# What could possibly happen if an object accelerates 9.81 m/s^2 upwards if it started from the ground ? [closed]

Will the acceleration of the object and the acceleration due to gravity cancel each other and that object remains at the same space coordinate?

• F=ma, but you should calculate sum of all forces first! And only then calculate the acceleration by the sum of forces. In your example the sum of forces is zero. Sep 29 '18 at 7:28

This might be a trick on words. If an object sits on a table, there is a gravitational force pulling it down, and there is an equal and opposite upwards force from the table. So we say that the forces cancel because $$F_{Gravity} + F_{Table}=0$$. We don't say that the table accelerates it upwards and cancels the gravitational acceleration downwards.

If the direction $$\mathbf{\hat{r}}$$ points upwards, then on the surface of the Earth with radius $$r_E$$:

$$F_{Gravity} = -\frac{G \ m_E \ m_{obj}}{r_E^2} \ \mathbf{\hat{r}}$$

But maybe we want to talk about the Earth's gravity without talking about any particular object. We could write the gravitational force per unit mass as

$$\frac{F_{Gravity}}{m_{obj}} = -\frac{G \ m_E}{r_E^2} \ \mathbf{\hat{r}}$$

That term on the right is called "gravitational acceleration" and it's a way to express how strong gravity is at Earth's surface.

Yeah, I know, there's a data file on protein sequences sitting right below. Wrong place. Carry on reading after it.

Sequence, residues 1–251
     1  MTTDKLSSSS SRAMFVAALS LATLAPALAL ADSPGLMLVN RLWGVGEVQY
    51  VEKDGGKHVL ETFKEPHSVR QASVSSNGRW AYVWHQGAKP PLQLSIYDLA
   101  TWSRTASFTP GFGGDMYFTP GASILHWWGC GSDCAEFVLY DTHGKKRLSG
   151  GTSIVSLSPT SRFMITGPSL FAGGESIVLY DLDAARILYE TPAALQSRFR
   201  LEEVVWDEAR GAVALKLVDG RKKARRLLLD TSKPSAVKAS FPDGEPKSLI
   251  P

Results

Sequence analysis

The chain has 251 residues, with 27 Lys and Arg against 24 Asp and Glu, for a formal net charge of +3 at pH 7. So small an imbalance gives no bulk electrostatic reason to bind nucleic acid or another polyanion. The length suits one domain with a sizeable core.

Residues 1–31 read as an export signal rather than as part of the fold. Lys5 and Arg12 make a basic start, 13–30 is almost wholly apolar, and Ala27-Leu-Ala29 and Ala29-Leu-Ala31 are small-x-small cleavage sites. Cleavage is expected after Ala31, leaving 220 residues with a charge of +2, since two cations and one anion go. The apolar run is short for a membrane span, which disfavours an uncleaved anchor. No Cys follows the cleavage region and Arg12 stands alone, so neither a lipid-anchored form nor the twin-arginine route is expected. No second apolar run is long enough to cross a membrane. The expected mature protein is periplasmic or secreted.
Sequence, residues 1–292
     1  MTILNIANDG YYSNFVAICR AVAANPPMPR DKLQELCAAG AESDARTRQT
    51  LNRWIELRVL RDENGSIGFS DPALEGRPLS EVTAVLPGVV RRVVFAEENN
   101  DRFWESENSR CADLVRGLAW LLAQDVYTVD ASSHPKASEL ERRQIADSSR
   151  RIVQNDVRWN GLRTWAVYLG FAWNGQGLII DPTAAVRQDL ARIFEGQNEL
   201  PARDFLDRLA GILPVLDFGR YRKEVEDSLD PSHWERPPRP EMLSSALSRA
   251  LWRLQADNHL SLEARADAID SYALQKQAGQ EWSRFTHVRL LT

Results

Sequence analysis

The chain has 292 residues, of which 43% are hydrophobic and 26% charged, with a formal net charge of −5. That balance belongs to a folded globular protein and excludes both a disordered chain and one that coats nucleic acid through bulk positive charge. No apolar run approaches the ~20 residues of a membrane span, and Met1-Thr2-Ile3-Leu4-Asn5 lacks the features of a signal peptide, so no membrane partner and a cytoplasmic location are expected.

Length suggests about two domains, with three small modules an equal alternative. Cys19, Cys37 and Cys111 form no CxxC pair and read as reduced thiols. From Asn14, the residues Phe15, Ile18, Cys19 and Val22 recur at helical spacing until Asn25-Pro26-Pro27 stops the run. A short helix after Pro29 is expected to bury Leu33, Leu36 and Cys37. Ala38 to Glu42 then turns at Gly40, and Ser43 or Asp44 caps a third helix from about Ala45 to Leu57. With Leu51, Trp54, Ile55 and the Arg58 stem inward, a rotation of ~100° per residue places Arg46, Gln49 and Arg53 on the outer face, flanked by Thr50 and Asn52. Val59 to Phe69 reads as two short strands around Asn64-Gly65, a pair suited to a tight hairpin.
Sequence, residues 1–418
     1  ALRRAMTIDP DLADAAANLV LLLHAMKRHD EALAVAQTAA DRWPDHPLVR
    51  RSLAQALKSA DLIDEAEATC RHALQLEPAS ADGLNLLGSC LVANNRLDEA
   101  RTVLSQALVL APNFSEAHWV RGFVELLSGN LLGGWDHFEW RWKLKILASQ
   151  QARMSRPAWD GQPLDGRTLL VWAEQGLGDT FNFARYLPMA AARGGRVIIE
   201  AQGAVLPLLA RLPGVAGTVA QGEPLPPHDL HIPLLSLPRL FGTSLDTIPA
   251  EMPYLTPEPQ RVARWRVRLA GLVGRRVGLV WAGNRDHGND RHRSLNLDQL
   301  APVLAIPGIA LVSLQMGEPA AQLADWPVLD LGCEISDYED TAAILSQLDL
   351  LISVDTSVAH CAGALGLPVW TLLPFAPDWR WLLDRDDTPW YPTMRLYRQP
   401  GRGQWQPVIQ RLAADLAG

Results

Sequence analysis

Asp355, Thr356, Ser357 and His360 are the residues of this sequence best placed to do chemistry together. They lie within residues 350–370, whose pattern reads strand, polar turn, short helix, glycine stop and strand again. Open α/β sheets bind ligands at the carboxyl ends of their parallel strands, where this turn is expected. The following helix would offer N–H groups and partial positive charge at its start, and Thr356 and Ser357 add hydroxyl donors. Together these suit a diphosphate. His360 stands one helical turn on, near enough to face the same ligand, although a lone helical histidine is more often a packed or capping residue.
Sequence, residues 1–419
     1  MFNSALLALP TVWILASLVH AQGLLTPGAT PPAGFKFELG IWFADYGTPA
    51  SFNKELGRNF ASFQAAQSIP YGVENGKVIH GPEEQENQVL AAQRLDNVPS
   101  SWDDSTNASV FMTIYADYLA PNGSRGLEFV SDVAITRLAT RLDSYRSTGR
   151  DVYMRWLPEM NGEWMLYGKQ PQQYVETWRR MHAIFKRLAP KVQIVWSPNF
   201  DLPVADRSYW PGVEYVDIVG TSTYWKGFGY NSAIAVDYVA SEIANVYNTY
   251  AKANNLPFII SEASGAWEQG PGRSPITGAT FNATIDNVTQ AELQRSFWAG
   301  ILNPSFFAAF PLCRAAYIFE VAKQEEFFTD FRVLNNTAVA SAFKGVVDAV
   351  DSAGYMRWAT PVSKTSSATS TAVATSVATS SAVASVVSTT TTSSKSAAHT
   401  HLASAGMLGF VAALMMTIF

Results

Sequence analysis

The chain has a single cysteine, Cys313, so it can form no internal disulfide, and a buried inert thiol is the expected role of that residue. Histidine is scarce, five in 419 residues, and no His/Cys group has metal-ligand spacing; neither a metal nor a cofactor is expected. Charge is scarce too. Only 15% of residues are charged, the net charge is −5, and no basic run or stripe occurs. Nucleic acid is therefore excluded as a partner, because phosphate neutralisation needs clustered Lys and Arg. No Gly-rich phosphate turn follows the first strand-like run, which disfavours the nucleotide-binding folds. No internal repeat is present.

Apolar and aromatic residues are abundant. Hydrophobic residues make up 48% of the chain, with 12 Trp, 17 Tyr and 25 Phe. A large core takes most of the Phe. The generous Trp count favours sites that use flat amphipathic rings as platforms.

$$\frac{G \ m_E}{r_E^2} = g$$

and on Earth's surface $$g$$ is about 9.81 m/s².

So to the original question:

Will the acceleration of the object and the acceleration due to gravity cancel each other and that object remains at the same space coordinate?

The forces cancel, but the net acceleration of an object that continues to remaining at the same space coordinate is just zero.

While we express the strength of the gravitational field in units of acceleration, and call that number gravitational acceleration, the object is not accelerating and you don't need to do additional acceleration in the opposite direction to keep it in one place.

• So will the object ever escape the earths gravity if it maintains its acceleration?
– Poin
Sep 29 '18 at 6:29
• @Dhruva If something maintains its acceleration, yes, that's a mathematical certainty, but physically and realistically, things don't ever maintain acceleration. I think that this is getting too hypothetical for a practical discussion, and off-topic for this particular Stack Exchange site about Space Exploration. I think you can check out other SE sites as well, like Physics SE but I'd advise you to look for similar questions first before asking a new one.
– uhoh
Sep 29 '18 at 6:44
• Seems to me any discussion of constant acceleration on SpEx would be incomplete without a mention of powered hover.... Sep 29 '18 at 7:19
• uhoh is correct twice. Acceleration is simply a property of an object itself, not of the individual forces acting on it. And this question does belong on Physics.SE. Sep 29 '18 at 12:10
• uhoh is thirdly correct: there are similar questions on Physics.SE. @Dhruva, please look at physics.stackexchange.com/q/160538/200019 and physics.stackexchange.com/q/336413/200019. Three times in one day... uhoh's clock must be experiencing time dilation! Sep 29 '18 at 16:15